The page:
Current through the lamp output circuit through capacitors 80 and 44, through the lamps and back through the inductors 42 to the tertiary windings 98, and through the drain of switching transistor 96 to relative ground through the source, produces the first half cycle of a driving signal. (Once started, the capacitors have little effect on the circuit.) In the next half cycle, capacitor 80 is fully charged and induces current in the secondary windings 102, also through the tertiary windings 98, and charges the gate of switching transistor 86 through gate drive resistor 110. Switching transistor 86 then turns on by current from switching transistor 96 inducing current in the secondary 102, causing capacitor 80 to discharge through switching transistor 86 through the tertiary windings 98 and to the lamp output circuits. Diodes 112 and 118 provide gate protection for the switching transistors 86 and 96.
By sensing the current in the inductors 42 and the capacitors 44, and in the lamps, the drive circuit is forced to operate with the output voltage and the current in phase. Operation in phase ensures optimum operation of the power switching transistors and minimizes switching losses.
In the case where the alternating current load contains a series resonant circuit with capacitor 80 and inductors 42 and the lamp, the lamp voltage wave form will be a sine wave. After the lamp starts, the arc voltage determines the load tuning capacitor-voltage. Because the Q value of the tuned circuit is greatly reduced by the lamp loading, and after the lamp starts, the resonant current decreases so that in normal operation the lamp approximates a constant voltage alternating signal load driven by a series inductor to provide a current limiting function. The circuit is resonant as determined by the lamp sinusoidal voltage. The resonant ballast design maintains luminous output longer for a given lamp life by supplying additional lamp voltage to the lamps to offset any normal wear which ordinarily would reduce lamp output. As a result, replacement of lamps is required less often.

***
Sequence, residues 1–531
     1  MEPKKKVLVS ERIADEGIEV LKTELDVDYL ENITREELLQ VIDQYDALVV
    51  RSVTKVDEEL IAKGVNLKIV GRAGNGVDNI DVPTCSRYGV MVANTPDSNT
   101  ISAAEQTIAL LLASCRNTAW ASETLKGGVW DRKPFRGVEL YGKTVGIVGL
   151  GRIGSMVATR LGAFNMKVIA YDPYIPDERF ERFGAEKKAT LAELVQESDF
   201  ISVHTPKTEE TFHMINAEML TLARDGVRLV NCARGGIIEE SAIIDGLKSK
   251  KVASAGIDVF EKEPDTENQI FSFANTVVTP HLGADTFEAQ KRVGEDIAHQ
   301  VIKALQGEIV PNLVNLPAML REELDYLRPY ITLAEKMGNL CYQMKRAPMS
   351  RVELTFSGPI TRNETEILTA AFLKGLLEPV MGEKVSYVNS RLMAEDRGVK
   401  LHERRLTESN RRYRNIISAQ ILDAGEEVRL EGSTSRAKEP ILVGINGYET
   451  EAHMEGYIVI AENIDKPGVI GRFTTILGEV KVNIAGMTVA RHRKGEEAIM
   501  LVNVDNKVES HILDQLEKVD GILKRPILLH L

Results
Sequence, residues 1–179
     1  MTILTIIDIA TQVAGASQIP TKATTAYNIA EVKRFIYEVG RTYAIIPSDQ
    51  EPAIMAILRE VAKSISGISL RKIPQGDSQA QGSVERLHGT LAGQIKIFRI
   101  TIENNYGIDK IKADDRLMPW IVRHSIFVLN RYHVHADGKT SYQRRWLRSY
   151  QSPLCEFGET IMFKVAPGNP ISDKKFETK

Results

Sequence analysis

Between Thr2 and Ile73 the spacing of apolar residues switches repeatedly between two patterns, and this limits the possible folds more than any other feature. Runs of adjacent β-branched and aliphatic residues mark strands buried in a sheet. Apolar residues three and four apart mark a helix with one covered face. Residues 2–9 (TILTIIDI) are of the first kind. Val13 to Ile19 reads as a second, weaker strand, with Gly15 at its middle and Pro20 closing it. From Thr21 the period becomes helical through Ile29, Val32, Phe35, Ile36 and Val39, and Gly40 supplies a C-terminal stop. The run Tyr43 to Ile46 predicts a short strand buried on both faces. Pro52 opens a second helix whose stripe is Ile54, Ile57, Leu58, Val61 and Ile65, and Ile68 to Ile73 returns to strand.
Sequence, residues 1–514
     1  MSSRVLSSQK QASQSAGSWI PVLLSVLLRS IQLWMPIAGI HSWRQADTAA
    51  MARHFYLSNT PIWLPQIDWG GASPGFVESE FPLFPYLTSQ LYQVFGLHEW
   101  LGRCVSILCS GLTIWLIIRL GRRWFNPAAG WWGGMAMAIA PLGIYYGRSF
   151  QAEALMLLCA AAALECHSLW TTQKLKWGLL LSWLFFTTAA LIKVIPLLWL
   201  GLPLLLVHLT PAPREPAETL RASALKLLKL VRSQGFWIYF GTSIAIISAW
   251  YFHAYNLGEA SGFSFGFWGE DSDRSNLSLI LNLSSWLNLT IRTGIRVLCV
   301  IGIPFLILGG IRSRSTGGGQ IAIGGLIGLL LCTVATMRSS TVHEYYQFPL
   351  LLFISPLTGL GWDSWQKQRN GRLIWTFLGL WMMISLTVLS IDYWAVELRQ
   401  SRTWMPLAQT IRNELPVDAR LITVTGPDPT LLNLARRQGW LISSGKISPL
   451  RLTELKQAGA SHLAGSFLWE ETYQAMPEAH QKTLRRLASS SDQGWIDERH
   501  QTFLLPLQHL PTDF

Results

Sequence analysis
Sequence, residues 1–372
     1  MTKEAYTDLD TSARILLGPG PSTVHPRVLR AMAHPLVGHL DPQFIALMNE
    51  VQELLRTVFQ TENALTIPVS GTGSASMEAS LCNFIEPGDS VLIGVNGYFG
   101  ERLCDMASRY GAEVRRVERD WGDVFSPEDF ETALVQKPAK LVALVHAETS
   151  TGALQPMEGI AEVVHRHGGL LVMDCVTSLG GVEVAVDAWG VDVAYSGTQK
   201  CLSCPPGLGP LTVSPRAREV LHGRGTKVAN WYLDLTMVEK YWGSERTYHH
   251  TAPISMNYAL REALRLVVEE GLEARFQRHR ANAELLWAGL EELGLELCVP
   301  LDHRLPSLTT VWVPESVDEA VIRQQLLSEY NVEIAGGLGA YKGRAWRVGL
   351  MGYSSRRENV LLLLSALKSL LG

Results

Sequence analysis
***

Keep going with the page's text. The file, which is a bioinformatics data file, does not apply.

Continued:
Considering the power circuit 40 in more detail with respect to FIG. 5, resistor R1 122, and resistor R2 124 form a voltage divider for the input to a power factor circuit Ul 126. Resistor R3 128, capacitors C5 130 and C6 132 provide a supply voltage input to the power factor circuit 126.
A primary function of the power circuit 40 is to provide power factor correction, and it also permits operation over a number of input voltages in order to produce an output of 360 volts consistently. The voltage input signal for the power circuit 40 is filtered by capacitor C5 130 through resistor 128, which provides a voltage drop. Once the power circuit is turned on, the power factor circuit voltage is no longer supplied through resistor R3, but is instead received through transformer 60 from the secondary 64, switching diode D1 134 and capacitor 130.
The input voltage VIN is supplied by resistors 122 and 124 as a voltage divider network to give a signal to the power factor circuit 126 as a function of the voltage input to the ballast.
The circuit from the secondary of the transformer 60 synchronizes the phase and wave form with the supply voltage supplied to the input of the power circuit 40. The voltage signal is also supplied to the internal multiplier circuit of the power circuit 40. The voltage divided by resistors R5 and R6, 136 and 138, respectively, is provided to the inverting input of the power circuit 40, which is an error amplifier circuit. The power factor circuit 126 monitors the voltage signal applied to the inverting input and increases the boost transformer output voltage if the voltage level sensed at the inverting input is low, and increases it to a lesser extent if the input is higher.